I clutched my navy blue American passport in my hand, along with my customs declaration, as the United flight I was on braked hard as the wheels hit the runway.
My heart began to race. Even faster than it had raced the entire 10 hour flight back to Washington, DC from Frankfurt.
I hadn’t slept on the plane for more than an hour. I watched sadly as the flight tracker passed over Europe, the Atlantic, Canada. And when we finally were over American soil, I had to lift my shade and look out at the ground passing quickly below me.
Shade of greens and browns, laid out like a patchwork quilt in bad colors drifted underneath me.
A wave of thoughts began to scramble around in my head as my 200-day journey began to wrap. As I looked out the window, there was no rush of pride to be back in my country. There was no rush of excitement to see the farms on the ground. There was just … panic.
Turn this plane around, immediately. I don’t want to do this.
When the plane pulled into the gate at Dulles, I could feel my face go white.
Back back back. America.
I closed my eyes, letting the memories from my time abroad rush over me one last time on my trip, then I grabbed my bag and exited the plane.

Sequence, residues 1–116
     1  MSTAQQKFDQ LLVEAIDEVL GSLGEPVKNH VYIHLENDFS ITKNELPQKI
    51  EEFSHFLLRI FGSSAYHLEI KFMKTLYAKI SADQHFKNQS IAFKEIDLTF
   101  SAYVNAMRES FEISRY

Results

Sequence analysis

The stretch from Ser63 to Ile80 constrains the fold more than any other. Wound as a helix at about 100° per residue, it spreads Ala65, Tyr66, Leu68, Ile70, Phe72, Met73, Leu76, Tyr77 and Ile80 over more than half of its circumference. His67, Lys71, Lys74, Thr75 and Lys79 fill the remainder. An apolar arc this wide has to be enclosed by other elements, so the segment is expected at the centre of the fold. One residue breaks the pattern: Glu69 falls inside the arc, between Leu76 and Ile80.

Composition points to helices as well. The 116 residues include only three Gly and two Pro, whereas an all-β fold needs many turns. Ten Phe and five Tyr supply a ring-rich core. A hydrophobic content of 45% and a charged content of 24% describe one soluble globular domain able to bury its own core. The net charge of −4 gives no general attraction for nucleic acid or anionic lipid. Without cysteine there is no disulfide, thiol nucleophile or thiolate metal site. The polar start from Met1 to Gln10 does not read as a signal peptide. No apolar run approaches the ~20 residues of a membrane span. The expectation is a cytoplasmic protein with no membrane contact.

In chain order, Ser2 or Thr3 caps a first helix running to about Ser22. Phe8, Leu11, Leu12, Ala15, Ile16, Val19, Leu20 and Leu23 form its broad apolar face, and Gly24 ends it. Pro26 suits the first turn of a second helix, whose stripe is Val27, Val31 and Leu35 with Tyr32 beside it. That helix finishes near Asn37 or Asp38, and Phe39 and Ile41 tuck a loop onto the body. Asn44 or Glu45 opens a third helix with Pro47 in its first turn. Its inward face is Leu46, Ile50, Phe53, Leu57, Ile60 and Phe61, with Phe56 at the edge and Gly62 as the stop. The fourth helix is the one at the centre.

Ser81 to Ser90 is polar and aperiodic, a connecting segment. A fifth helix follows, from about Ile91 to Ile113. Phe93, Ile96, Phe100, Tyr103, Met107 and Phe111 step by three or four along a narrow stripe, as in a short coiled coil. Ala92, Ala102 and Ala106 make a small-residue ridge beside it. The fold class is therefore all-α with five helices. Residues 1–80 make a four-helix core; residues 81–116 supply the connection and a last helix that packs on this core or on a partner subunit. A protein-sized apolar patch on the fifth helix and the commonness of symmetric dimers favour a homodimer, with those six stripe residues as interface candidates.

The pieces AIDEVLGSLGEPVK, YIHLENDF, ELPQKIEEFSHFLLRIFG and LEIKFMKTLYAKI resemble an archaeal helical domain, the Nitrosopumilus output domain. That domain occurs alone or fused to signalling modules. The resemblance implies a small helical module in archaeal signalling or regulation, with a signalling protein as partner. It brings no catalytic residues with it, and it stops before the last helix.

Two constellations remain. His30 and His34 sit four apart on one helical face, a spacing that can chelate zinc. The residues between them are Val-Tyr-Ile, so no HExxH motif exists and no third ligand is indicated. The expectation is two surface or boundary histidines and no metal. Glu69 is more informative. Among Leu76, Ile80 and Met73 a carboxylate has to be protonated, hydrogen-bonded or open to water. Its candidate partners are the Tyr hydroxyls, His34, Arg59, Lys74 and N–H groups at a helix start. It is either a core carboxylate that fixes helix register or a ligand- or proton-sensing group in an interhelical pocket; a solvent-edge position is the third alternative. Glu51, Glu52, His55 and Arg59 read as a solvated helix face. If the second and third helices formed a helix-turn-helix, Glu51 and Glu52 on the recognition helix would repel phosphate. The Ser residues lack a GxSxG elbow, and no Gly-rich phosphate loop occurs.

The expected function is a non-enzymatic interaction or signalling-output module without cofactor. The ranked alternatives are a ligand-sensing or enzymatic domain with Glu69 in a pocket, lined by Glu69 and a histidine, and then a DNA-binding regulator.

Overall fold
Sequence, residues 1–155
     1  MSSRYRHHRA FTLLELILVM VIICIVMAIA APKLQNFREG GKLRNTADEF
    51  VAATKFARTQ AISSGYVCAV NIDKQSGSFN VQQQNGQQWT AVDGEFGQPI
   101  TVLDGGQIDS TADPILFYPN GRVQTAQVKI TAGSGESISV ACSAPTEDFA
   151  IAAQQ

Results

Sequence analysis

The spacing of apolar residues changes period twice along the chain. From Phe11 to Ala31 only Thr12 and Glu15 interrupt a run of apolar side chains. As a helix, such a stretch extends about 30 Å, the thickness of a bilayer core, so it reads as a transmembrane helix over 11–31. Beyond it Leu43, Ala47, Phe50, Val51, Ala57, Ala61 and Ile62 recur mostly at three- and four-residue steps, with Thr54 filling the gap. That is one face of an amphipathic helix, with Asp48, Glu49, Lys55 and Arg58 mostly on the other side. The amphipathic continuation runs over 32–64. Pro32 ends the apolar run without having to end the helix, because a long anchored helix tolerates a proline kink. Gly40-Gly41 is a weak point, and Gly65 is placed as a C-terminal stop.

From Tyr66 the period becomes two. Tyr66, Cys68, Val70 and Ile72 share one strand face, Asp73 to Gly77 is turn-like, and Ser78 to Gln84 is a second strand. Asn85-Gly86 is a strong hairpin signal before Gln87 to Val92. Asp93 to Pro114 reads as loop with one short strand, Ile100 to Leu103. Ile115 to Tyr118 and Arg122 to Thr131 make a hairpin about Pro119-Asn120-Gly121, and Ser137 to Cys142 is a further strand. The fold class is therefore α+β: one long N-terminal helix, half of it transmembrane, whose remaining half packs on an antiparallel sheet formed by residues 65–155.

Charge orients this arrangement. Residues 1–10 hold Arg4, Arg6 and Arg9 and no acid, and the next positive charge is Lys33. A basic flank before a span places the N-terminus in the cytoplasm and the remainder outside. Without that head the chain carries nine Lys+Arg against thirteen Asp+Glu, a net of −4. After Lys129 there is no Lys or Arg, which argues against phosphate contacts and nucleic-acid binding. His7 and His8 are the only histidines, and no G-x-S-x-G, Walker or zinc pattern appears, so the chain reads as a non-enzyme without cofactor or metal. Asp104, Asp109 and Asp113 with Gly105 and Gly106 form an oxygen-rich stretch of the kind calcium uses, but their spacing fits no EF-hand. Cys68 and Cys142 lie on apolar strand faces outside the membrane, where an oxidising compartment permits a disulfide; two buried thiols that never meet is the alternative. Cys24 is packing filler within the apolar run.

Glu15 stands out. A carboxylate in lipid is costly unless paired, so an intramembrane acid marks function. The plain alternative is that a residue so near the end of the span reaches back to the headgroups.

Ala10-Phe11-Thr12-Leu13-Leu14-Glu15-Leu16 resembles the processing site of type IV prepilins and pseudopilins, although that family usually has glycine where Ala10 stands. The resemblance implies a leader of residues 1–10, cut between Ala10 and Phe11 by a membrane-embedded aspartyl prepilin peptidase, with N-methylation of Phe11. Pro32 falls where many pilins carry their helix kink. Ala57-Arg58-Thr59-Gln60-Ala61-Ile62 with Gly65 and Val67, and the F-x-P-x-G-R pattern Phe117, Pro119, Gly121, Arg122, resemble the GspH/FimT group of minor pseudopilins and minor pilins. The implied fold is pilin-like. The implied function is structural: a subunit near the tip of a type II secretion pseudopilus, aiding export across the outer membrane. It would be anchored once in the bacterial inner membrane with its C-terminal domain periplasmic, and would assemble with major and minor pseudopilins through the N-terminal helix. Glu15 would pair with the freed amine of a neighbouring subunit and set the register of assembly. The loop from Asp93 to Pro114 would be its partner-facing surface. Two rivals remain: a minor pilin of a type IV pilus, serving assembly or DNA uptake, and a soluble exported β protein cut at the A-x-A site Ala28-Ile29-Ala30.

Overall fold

I followed the throngs of people to the “mobile lounge” that takes passengers from the international gates to customs.
I was deafened with the sounds around me.
Phones ringing. Conversations into handsets, Blackberrys, iPhones.
“Yeah, I will e-mail you in a minute.” “I just landed, am looking at my inbox now.” “It was a long flight, I will be to the office soon.”
Oh. My. God. What are these people doing? Had I been one of those people before my trip?
I sat and stared, thinking there was no way in the world after leaving Europe I would want to tarnish the memories by picking up a phone and talking Real Life. In fact, the last thing I would have wanted to do was look at e-mails, talk shop. I wanted to savor every minute detail of my time there. The places. The beauty. The people. The LIFE that pulses with such electricity, passion and love that makes nearly every other experience dull in comparison.
Here, work is the life. Here, people don’t stop to sit outside and drink a coffee for an hour. They don’t …
My palms grew sweaty as I walked towards customs. The chorus of cell phones ringing, the chatter of people talking into them … I began to get dizzy. I began to feel like I was in a movie and the camera was slowly spinning in circles around me as I grew faint.
Breathe, D. Breathe.
I stood. Spinning. Spinning. Spinning. Taking deep breaths as the panic began to set in to my body.